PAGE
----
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Your Guide to Post-Accident Insurance Increases
You’ve been in an accident, and no one was seriously injured. From there, most people’s minds jump straight to the financial fallout. How much will it take to get their car repaired? And how much will their insurance premium go up?
After an accident, people automatically assume their insurance carrier will increase their rates. While this is often the case, it is not always true. Insurance companies will assess several factors when determining the effect of an accident on a driver’s premium. Considerations include who was at fault for the accident, the severity of the collision, and the driver’s record.
Some insurers offer accident forgiveness programs, but they often cost an extra fee or require loyalty to the insurer for several years. It’s worth looking into your insurer’s offering and finding out what’s available to you. Under this type of program, your insurer will generally forgive one accident every few years without a rate increase. But beware — while your insurance company has decided to disregard the accident, future providers may not.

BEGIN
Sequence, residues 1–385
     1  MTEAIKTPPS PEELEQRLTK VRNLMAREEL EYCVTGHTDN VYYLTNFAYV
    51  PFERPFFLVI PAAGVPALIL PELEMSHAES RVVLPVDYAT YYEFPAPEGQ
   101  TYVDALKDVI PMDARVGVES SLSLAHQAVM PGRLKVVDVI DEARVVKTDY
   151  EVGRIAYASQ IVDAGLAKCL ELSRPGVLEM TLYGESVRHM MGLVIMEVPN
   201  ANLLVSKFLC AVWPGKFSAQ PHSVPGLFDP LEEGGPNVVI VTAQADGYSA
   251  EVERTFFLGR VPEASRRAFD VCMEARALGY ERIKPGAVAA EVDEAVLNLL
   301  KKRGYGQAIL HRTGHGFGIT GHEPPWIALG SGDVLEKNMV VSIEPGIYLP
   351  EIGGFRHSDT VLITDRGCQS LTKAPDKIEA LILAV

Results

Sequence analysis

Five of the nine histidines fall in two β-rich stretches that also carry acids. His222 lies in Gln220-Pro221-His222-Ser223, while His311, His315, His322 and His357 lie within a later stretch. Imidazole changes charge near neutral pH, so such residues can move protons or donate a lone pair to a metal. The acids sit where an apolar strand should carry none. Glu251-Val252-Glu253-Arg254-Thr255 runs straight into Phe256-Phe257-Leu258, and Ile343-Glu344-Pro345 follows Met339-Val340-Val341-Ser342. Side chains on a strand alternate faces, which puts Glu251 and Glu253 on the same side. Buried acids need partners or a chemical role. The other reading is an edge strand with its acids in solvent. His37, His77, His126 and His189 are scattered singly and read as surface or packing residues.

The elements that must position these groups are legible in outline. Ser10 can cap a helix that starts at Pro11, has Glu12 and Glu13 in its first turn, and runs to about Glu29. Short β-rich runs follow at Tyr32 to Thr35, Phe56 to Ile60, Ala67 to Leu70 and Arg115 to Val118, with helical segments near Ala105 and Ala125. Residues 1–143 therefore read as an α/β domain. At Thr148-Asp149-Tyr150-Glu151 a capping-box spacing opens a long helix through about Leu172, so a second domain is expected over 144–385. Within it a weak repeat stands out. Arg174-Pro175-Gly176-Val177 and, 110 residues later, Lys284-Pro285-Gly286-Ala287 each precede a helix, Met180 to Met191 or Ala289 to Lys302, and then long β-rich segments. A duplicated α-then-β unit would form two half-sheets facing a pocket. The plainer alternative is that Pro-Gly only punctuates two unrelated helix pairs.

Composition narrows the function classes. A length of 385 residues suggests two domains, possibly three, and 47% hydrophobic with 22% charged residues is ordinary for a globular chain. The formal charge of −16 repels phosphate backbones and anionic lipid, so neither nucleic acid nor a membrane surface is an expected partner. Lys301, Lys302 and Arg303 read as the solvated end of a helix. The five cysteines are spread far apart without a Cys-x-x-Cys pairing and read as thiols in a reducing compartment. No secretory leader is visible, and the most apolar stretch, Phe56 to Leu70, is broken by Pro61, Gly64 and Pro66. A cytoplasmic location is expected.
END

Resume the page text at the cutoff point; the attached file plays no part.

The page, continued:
When rates after an accident increase, Bankrate.com found the average annual amount is $637. Though that’s not peanuts, an extra $50 a month may not be as bad as you feared. You can also try to mitigate your losses by shopping around to other insurance providers, researching additional discounts, or considering a higher deductible on your policy.
While a rate increase can feel punitive, it’s just good business. Insurance carriers assess the risk of every individual they insure and determine a premium accordingly. Being in an accident makes you a higher risk to insurers, who will need to pay out for your mistakes — nothing personal.
Though a rate increase is a setback, it thankfully won’t last forever. Most accidents only stay on your record for three to five years. If you’ve been a safe driver during that time, your rate should go back down. Higher insurance premiums are one of the many risks we assume by getting behind the wheel of a car. Remember: driving is a privilege, a vehicle is not a toy, and there are far worse accident outcomes.